How to choose the right consultant
We all need help in our professional careers from time to time. Asking a Management Consultant for help is a good way to ensure you get professional and competent support, but there are so many different types of consultants to choose from. They are all good at what they do, but they specialize in certain topics, so make sure you get the right specialist to help you address your challenge. If you go to a hospital with a broken leg, you might find a brilliant brain surgeon there, but is that the person you want fixing your leg?
The Management Consulting industry is large and complex. Many have tried to structure and simplify it. The big consulting companies keep re-structuring and re-defining themselves in order to work along logical demarcation lines that their clients will relate to. In my simplified view on the subject, there are a few factors that make a large difference in terms of the help you receive and the price you pay.
Firstly, the type of work matters:
Strategy: Sets the direction, but do not implement
Implementation: Implements the strategy, but do not operate.
Operations: Improve and optimize performance once something is in steady state or operational mode.
Secondly, the functional area makes a big difference. You do not expect, for instance, a HR specialist and a Finance specialist to overlap in terms of competence.
1. You would like to transform your IT function by buying software as a service and outsource support. What type of consultant should you ask to help you plan this transformation? A Strategic IT Consultant perhaps?
2. So, you know how you want to transform and now need to implement the solution. Part of the job will be to migrate all employees across to a new software solution managed by a third-party vendor. Who would you ask for help? A HR Implementation Consultant perhaps?
3. You need a new report that shows the processing time for purchase orders. What kind of consultant should we ask for help here? A Supply Chain Operations specialist perhaps?
These choices might seem simple, but it is crucial to get them right or it will impact the quality and cost of your solution. For instance, it might be tempting to ask the Strategy Firm to help you with the implementation. They made the plan after all. You can, of course, but it would be like performing brain surgery on your foot, slightly amusing, but mostly painful. The strategy consultant is used to short projects with lots of analysis and few senior stakeholders, they have never been part of a large-scale implementation program with significant change management scope. Best to get someone who does that for a living.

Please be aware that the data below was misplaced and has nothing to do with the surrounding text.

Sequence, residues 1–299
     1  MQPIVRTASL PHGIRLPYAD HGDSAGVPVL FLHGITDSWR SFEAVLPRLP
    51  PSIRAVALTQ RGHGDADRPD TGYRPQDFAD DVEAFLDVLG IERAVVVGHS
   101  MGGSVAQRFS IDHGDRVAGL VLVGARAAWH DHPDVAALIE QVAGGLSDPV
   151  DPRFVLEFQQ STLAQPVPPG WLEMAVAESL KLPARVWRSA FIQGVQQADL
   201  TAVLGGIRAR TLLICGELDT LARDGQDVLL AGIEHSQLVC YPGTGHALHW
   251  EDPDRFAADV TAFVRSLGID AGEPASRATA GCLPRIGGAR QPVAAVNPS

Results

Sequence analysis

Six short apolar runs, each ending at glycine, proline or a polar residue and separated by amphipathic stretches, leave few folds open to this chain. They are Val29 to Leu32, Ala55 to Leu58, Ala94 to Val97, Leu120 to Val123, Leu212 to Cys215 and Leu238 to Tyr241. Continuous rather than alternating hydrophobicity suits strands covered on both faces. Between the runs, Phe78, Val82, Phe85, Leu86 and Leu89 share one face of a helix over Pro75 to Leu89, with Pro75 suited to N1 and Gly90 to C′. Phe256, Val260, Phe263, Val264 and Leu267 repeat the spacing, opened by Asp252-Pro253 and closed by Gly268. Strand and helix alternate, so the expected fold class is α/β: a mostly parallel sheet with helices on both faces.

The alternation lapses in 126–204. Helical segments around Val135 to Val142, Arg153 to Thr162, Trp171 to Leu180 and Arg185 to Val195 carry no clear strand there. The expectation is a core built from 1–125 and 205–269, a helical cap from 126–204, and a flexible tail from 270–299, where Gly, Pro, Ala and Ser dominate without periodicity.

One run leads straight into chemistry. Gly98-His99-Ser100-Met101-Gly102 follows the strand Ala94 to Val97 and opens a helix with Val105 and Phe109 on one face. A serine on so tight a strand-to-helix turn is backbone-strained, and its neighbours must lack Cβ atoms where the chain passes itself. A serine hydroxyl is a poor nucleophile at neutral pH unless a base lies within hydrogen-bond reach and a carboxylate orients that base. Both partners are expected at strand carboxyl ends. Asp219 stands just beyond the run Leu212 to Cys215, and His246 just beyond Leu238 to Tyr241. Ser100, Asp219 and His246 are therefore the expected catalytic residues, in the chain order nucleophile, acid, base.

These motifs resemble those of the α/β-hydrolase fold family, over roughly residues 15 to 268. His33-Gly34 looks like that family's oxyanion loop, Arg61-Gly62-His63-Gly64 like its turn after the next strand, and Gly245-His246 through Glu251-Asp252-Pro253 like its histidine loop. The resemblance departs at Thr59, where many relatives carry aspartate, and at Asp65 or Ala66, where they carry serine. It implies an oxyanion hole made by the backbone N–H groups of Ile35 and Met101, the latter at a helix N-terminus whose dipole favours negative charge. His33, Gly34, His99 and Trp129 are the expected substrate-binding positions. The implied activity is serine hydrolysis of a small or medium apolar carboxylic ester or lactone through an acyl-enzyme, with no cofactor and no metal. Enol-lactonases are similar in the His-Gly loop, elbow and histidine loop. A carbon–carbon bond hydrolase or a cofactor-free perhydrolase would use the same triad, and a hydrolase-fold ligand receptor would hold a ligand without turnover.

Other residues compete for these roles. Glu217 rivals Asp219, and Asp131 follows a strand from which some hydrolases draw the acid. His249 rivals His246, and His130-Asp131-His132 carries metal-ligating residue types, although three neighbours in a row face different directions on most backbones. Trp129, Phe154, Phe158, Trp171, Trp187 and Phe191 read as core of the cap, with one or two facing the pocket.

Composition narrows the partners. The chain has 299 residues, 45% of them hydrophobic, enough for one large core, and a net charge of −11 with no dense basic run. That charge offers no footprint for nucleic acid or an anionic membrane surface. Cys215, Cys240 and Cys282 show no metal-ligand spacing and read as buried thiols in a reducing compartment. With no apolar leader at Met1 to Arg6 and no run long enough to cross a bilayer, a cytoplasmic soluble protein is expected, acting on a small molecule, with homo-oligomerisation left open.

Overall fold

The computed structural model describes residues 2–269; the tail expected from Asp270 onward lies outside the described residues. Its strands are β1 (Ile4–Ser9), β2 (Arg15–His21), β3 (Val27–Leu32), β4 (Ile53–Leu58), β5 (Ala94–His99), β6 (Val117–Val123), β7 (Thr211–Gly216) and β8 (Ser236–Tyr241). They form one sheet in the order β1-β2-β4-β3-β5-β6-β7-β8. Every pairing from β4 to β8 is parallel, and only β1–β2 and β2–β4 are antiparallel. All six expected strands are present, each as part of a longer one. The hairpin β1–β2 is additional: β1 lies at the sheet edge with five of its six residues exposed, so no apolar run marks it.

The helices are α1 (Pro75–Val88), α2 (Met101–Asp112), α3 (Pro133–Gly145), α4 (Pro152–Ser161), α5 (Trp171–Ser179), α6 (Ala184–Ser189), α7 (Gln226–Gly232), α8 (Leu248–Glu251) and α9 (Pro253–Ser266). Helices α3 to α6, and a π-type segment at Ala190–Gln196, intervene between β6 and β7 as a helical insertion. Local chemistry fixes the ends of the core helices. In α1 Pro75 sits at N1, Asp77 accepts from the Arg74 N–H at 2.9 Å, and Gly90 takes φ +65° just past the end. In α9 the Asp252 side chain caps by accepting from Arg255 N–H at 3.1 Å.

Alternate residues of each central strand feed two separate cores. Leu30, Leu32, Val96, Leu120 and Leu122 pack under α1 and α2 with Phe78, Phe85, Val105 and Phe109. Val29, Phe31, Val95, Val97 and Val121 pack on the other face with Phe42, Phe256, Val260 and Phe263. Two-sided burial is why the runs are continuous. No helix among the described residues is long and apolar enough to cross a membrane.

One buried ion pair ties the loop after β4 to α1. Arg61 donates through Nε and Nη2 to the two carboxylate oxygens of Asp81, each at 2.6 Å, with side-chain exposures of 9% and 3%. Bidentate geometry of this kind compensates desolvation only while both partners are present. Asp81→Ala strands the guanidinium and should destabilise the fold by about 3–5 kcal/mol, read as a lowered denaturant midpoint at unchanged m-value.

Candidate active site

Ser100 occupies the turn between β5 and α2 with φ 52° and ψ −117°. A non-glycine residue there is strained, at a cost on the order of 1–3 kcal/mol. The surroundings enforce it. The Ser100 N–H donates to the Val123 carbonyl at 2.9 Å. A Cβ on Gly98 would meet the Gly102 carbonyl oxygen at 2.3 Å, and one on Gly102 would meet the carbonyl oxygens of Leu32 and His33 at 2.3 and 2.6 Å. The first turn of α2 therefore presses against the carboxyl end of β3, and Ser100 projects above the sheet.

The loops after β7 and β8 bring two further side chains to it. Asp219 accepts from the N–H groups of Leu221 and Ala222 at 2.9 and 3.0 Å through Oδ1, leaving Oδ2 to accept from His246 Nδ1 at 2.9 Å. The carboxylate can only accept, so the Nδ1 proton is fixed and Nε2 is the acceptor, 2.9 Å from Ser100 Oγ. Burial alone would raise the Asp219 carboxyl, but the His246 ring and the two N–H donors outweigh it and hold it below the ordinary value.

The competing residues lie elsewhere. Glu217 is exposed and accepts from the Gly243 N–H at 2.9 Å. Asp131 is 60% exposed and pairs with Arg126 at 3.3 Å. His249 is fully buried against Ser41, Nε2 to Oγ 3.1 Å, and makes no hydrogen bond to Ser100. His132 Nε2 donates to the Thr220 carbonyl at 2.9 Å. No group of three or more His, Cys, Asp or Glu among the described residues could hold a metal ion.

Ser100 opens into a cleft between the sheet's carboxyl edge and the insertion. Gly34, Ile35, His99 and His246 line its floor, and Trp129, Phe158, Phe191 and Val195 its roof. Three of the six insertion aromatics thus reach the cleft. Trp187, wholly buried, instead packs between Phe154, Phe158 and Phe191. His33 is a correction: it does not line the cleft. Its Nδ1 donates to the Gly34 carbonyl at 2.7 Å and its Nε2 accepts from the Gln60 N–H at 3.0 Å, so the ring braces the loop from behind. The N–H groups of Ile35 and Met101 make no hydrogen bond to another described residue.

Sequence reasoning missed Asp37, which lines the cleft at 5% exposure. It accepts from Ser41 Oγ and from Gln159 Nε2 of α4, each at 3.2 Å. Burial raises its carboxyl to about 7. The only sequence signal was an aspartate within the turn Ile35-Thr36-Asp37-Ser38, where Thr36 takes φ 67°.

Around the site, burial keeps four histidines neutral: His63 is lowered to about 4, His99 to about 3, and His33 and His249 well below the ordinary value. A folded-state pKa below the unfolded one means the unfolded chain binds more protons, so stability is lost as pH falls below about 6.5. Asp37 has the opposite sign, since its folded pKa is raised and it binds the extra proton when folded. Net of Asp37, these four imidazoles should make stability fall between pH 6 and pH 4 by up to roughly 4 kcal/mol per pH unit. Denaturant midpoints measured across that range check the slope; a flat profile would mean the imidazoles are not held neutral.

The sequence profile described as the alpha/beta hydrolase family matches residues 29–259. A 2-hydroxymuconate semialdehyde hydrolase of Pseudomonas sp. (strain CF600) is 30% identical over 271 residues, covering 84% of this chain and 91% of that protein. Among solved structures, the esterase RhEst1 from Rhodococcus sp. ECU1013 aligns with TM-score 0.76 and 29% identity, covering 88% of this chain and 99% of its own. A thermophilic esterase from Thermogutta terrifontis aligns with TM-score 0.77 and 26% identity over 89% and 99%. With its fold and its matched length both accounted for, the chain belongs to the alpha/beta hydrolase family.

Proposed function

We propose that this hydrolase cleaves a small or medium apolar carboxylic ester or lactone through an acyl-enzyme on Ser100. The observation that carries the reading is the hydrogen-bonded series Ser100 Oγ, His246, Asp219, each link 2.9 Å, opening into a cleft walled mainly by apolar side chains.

On a larger program you may require both Strategy, Implementation and Operational focus and need to mix things up with more than one vendor. Do this by design by following the simple guidelines above and consider how the vendors will be managed and interact with each other to make sure everyone works efficiently.
Thirdly, it matters what kind of company the person works for. If it is a big consulting house, they are likely to cover most topics, whilst a small boutique is more likely to specialize in one or a few topics. The smallest company unit being the independent consultant that operate entirely on their own. Now, if you have a big job, say a global process/system implementation for 100 000 users around the world, bring in the big guns. Someone who does implementations like this for a living and can handle the size and complexity. If you have a smaller, more specialist topic to address however, you can get more for your money by going boutique or independent. As an example, an experienced consultant from a big five consulting firm costs 100 per day, the same individual with identical experience working for a boutique consulting house might cost 60 per day and if you can hire the person directly as an independent consultant you might get away with paying 40 per day. Same person, big saving. On advisorybay we offer a simple, flexible marketplace where you can secure an experienced independent consultant.
Now that you know where to go for the right kind of help, use it for your tactical buying decisions. Using the right type of consultant for the right job means you are more likely to get the best person for the job, but it can also help reduce your cost.